-Facebook’s identity system continues to grow, it shares data with those that have used the widget, users, and of course marketers.

I’ve been talking about the web being amorphous and ubiquitous since 2005, I think we’ll start to see elements of this in 2007.

All of the above are just my theories, I’d love to hear what you think.

Update: Interesting, Christopher at Slate suggests that Facebook could become THE platform, while I suggest others will evolve and play in this space, there’s too much at stake really.

  • http://thedigitalmovement.org Ming Yeow

    Hi Jeremiah, you spoke about Facebook, LinkedIn, etc, and I thought it would be good to draw your attention to a couple of alternative social networks aiming to build networks in very different ways.

    An interesting example that takes the strength of your relationships into account when constructing your social network is Visible Path. Essentially, you can only add someone into your network only if there has been an email exchange, and within the network, the relationship is measured by the number and frequency of email exchanges. With an outlook plugin, they track the rise and wan as well.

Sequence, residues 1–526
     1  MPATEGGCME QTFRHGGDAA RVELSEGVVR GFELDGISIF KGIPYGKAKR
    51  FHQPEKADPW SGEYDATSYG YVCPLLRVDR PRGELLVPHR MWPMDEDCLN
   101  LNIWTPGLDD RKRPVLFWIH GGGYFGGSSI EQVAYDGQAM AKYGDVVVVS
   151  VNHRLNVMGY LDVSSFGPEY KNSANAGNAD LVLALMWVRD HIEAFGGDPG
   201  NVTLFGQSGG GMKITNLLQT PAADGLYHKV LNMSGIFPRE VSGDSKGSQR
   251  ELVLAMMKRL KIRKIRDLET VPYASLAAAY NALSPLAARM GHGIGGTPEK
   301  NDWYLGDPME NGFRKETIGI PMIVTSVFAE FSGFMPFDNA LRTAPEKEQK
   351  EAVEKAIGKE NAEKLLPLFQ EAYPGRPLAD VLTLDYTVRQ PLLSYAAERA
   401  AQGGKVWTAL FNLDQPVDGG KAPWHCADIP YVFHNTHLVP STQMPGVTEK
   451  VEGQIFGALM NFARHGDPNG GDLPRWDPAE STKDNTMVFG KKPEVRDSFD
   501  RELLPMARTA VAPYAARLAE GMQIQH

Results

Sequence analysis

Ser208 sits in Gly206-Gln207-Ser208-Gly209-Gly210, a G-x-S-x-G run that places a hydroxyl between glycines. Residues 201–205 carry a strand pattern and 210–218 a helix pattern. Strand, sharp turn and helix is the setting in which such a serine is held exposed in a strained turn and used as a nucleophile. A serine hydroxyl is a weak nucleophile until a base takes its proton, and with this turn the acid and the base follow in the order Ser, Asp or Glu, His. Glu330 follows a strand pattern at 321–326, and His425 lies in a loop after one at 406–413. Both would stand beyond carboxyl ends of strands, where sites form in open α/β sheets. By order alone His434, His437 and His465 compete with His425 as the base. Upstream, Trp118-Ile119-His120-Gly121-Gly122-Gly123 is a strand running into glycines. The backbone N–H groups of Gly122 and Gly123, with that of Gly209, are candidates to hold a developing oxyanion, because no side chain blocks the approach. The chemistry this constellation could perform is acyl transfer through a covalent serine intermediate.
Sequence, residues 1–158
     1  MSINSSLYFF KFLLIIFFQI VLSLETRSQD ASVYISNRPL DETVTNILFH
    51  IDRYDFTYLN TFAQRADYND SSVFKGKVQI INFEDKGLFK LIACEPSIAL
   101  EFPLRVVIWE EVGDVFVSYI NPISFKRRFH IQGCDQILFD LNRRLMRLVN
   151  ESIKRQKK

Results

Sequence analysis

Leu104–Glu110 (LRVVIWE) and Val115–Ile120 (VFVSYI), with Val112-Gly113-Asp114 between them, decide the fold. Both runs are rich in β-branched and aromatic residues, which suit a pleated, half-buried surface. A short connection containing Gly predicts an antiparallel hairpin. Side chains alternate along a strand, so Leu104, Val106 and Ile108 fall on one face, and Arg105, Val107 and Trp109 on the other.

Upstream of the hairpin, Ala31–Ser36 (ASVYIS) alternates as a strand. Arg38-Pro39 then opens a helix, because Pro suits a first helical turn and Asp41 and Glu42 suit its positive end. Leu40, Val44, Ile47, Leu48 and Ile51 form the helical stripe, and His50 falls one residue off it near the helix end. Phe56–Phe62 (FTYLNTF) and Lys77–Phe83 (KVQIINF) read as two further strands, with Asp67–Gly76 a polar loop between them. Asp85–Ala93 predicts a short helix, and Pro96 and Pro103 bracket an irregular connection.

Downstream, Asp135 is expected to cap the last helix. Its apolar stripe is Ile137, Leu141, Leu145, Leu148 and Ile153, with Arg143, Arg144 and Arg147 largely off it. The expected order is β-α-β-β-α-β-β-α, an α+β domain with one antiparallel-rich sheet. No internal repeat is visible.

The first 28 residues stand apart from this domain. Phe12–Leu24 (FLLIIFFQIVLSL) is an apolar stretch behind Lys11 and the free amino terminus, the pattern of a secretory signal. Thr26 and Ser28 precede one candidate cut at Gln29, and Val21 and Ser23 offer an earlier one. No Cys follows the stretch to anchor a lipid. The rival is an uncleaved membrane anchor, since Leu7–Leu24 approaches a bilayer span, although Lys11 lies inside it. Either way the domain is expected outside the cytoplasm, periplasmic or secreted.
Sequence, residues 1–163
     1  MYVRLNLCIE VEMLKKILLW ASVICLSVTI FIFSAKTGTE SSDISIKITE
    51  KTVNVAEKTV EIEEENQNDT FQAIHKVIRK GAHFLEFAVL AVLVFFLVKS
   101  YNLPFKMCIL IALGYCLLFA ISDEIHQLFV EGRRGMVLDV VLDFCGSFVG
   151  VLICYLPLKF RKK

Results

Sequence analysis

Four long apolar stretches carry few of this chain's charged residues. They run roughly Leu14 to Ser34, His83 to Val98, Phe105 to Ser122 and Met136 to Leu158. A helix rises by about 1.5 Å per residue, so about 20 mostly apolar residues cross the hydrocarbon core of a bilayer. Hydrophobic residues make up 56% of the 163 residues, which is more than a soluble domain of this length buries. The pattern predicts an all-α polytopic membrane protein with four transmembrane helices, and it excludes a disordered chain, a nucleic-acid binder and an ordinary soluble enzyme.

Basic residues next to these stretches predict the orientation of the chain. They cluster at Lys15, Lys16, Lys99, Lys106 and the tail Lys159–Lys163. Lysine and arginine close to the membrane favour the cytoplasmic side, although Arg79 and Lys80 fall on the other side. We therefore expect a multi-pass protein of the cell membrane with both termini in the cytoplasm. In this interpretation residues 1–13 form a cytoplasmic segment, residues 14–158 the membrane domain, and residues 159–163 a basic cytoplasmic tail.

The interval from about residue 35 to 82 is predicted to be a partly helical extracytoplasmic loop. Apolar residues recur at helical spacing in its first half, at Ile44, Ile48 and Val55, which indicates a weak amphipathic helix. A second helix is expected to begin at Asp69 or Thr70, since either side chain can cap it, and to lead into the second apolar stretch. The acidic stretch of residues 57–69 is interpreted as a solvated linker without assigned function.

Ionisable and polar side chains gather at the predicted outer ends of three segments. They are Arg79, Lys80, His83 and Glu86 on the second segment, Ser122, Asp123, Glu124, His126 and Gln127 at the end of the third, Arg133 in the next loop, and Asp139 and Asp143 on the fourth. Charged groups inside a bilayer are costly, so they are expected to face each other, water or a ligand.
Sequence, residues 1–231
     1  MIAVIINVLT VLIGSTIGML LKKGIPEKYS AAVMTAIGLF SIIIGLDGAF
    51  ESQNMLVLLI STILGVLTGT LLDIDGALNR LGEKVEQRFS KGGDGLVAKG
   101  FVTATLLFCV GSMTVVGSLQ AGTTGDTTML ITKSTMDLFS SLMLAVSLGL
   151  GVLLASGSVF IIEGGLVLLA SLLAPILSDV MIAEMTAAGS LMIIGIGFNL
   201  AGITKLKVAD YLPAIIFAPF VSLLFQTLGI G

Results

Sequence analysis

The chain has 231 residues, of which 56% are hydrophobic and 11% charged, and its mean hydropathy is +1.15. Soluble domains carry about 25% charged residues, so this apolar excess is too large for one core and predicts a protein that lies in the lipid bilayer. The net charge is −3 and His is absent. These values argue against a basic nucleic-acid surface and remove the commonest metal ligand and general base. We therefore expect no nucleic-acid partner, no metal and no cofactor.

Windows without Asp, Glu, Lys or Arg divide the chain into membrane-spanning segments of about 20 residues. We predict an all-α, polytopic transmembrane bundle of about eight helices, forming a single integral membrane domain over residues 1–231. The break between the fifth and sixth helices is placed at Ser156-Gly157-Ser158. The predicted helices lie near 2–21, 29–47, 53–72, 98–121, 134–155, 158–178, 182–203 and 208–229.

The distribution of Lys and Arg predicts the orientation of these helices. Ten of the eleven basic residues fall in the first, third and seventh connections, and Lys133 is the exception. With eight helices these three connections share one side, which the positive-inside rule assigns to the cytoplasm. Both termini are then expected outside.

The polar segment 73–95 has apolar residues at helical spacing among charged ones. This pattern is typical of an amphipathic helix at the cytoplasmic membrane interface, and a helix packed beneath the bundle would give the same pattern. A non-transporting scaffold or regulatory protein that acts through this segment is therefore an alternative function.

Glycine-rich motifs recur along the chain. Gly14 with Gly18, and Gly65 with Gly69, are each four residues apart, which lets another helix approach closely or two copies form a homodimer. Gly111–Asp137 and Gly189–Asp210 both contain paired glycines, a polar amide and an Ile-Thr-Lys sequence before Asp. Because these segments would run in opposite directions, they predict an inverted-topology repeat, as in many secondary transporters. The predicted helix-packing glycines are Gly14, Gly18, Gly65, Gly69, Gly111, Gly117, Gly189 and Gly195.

Another interesting example of a social network is illumio. What it does is that it scans your PC for documents, and based on those documents, decide what you are interested in. They will recommend who you should get in touch with, and when you ask a question into the Illumio, they will in turn send it to the people they think would have the answer. Of couse, you can form groups too

    I do not think either works particularly well, because we still have to install some form of outlook/PC plugin for them to be able to accurately “predict” things. But moving forward, I think someone like Google might allow users to “opt-in” to form such a powerful social network. They already have everything they need to know about me to form a very very effective network of trusted links and accurate interests. Scary but exciting. That would be my own prediction.